Unraveling nuclear architecture

Journal name:
Nature Methods
Volume:
13,
Page:
33
Year published:
DOI:
doi:10.1038/nmeth.3703
Published online

New approaches are needed to see the dynamics of 3D chromatin structure at high resolution and throughput.

Marina Corral Spence/Nature Publishing Group

Chromosomes interact in cis and trans.

The real estate mantra that emphasizes location over all else is also applicable to mammalian genomes. Gene regulation depends on the organization of chromatin and its regulatory elements in three dimensions within the nucleus. Classical methods that capture chromatin conformation (3C) either at select loci or genome-wide have provided a glimpse into the intricate architecture of the genome. But to really understand this 3D organization, how it evolves over time and how it contributes to disease, researchers need new methods. 3C-derived techniques depend on cross-linking of interacting chromatin loci and on the ligation of these loci prior to amplification and sequencing. These steps limit the throughput of the method and favor interactions in cis rather than in trans. Recent improvements in multiplexing cis interactions that involve two sequential capture steps have increased throughput and resolution and allow the relative quantitation of weak and strong interactions, as well as the elucidation of their respective biological roles (Nat. Methods 13, 7480, 2016).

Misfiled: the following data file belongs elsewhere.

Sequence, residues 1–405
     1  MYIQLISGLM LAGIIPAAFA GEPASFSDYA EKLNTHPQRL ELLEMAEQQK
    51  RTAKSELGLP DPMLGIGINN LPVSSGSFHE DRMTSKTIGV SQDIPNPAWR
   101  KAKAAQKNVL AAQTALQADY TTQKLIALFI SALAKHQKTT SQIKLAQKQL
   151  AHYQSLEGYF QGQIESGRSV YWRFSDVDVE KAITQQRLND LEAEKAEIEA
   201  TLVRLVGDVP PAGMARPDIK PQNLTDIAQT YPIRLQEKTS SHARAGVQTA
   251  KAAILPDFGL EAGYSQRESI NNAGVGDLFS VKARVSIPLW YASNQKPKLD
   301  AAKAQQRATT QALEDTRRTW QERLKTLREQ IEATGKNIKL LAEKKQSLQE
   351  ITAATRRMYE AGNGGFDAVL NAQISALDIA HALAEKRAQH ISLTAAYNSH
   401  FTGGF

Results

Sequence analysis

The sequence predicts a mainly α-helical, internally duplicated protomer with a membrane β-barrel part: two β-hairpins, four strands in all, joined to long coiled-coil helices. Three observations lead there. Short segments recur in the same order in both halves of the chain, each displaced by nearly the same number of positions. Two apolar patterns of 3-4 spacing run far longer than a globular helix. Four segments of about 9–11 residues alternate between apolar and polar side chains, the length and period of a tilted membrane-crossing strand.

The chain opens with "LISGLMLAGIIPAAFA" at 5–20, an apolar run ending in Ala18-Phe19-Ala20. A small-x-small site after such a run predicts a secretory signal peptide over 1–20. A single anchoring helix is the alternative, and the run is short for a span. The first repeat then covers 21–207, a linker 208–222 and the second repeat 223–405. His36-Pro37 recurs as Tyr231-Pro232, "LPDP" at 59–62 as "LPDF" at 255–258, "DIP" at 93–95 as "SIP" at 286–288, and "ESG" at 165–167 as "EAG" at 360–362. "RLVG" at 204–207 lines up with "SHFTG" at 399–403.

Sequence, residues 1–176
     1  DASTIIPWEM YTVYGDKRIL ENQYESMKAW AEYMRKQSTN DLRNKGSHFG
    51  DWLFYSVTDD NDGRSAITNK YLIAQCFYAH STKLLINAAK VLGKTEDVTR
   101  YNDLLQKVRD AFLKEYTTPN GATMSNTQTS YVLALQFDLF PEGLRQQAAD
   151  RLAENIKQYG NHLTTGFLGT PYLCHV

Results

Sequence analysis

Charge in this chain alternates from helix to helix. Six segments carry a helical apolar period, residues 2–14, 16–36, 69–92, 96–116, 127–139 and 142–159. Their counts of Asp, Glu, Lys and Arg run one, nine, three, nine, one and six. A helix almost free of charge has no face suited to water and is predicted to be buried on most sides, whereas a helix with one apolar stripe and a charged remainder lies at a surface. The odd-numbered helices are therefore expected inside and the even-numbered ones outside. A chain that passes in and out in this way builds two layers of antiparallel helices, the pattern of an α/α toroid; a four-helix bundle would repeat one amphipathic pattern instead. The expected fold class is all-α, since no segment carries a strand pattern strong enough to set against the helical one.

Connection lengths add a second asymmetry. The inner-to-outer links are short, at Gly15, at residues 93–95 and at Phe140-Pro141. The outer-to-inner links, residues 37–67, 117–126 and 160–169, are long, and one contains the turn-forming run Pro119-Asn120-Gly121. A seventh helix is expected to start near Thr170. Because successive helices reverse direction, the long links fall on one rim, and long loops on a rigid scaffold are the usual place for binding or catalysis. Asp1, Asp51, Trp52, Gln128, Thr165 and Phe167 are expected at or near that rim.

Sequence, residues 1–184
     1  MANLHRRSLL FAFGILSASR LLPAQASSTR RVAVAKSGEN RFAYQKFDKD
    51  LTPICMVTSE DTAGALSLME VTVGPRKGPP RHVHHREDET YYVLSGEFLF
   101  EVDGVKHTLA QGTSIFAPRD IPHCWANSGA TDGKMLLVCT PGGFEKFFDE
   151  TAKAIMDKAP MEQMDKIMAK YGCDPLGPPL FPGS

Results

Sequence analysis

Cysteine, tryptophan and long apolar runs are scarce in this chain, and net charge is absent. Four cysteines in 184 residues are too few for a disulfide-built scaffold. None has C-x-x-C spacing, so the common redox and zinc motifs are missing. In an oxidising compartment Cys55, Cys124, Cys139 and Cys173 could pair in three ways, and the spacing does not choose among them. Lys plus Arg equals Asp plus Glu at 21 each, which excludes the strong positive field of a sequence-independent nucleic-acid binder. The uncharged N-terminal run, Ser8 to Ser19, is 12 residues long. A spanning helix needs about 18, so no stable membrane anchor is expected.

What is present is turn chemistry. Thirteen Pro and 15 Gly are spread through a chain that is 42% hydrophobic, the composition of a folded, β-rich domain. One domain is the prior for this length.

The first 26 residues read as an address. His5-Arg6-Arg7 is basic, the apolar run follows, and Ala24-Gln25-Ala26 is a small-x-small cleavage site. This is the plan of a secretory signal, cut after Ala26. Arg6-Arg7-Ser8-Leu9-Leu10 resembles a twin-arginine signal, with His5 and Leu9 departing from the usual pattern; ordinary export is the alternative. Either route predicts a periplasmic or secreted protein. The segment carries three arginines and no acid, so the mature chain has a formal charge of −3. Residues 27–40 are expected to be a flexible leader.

For scientists to fully appreciate the dynamics of nuclear organization, it will be important to combine population-based models with data on individual cells at high resolution. This will require a multidisciplinary approach bringing together genomics, biophysics and imaging. The 4D Nucleome Program, recently funded by the US National Institutes of Health, is one initiative that seeks to combine such expertise and includes consortia to map genomic structure, apply high-resolution imaging and study the properties of subnuclear compartments. The goals for tool improvement include improved experimental and computational methods for single-cell nucleome resolution and for the visualization of genome folding.

Once the mapping of nuclear architecture becomes a more routine, quantitative procedure, we will be better able to determine and predict the effects of mutations—whether linked to disease or introduced during genome editing—on gene regulation and the mechanisms by which they act. We may even be able to specifically alter genome architecture to bring about desired changes in a cell.

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